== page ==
Frome promises relief to Big Bridge residents
WESTMORELAND — Residents of the quiet rural community of Big Bridge should soon be breathing easier as the Frome sugar factory has promised to address the long-standing issue of the foul odour emanating from the Dutch Canal.
According to factory manager, Norman Nesbeth, the putrid odour is the result of the washing of the cane that usually comes into the factory covered in mud.
Residents said they did not have the problem when crop was out of season.
According to pensioner Marjorie Lawrence, she has developed an asthmatic condition because of the stench, and she now has to make regular trips to her doctor.
“As soon as they start to do the washing of the cane and it come down in the river, it start to give you this asthmatic feeling. We realise that there is some hydrogen sulphide that we breathe in that is causing us much discomfort.”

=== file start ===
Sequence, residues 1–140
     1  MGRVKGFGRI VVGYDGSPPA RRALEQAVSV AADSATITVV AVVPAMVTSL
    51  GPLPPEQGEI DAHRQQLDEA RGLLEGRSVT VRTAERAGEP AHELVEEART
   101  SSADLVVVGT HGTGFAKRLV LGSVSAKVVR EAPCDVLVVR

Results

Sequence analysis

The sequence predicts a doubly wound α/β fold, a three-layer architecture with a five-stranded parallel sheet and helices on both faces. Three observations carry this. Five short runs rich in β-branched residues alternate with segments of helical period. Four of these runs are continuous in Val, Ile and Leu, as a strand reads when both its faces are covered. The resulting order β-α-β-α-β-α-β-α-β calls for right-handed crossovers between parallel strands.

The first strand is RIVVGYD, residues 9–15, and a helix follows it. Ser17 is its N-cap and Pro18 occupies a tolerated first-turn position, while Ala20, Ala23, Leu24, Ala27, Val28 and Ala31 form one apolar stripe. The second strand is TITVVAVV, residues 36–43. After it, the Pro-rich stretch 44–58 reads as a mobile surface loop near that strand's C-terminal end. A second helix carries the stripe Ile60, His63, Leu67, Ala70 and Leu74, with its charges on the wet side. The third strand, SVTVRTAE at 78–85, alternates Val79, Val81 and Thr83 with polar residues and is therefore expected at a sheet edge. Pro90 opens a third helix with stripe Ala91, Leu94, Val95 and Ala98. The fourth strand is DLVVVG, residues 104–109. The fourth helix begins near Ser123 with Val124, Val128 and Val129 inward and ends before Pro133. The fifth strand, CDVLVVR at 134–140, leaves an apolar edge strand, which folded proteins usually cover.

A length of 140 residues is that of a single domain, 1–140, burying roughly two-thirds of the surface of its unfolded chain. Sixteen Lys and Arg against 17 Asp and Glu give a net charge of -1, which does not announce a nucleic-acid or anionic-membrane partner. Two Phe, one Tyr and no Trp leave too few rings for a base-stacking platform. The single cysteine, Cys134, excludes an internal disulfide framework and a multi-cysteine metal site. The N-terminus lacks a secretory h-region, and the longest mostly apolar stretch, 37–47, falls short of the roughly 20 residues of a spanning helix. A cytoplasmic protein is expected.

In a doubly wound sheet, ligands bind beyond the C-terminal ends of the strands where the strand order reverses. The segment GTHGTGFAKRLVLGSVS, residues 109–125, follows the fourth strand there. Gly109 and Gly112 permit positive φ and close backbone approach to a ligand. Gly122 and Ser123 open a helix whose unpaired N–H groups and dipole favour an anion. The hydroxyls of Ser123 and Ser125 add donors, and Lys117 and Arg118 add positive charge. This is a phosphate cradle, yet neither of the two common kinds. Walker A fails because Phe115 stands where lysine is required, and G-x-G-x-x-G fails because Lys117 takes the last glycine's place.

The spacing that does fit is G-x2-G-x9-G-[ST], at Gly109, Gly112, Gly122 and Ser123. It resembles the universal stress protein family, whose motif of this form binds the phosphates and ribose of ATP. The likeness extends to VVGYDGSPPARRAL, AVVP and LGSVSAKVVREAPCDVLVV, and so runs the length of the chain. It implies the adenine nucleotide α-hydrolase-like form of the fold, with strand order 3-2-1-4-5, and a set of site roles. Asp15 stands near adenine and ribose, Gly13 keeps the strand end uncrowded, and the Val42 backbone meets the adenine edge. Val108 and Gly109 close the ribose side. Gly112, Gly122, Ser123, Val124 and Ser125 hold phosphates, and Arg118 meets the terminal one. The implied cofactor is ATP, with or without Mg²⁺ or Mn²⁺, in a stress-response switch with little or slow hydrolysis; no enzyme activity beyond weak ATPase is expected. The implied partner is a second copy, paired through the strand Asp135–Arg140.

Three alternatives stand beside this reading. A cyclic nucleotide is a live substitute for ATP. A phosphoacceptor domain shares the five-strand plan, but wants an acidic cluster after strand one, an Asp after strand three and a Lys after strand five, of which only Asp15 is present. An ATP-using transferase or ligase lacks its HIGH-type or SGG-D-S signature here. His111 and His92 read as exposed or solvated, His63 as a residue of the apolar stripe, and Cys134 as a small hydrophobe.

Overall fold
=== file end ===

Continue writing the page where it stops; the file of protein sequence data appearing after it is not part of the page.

Lawrence also bemoaned the financial burden that is now placed on her and other members of the community in the purchasing of pharmaceutical drugs.
“I have to buy medication like how I buy food. (I use it to) depress the congestion and this is something that I have to do three times a day,” added Lawrence.
And she complained bitterly that despite earlier promises of compensation, Frome has failed to defray the expenses associated with the odour their factory is emitting.
“It has been a long while we have been having dialogue with them and they are now telling us that Frome is broke,” said Lawrence.
According to Nesbeth, the issue of com-pensation cannot be looked into at this time as the factory is strapped for cash. He said, however, that he was sensitive to the plight of the residents and efforts would be made to dredge the canal. This, he said, should make the waste water move through the affected areas much faster, thus allowing more oxygen in the water and a reduction in the bacteria levels.
On Tuesday, Nesbeth assured residents that they should see some improvement by the end of this month. But he stressed that the problem of pollution could only be totally solved if all the boilers at the factory were changed, allowing the cane to be crushed without washing.
This, he said, would cost approximately $5 billion, which he said the factory did not have at this time.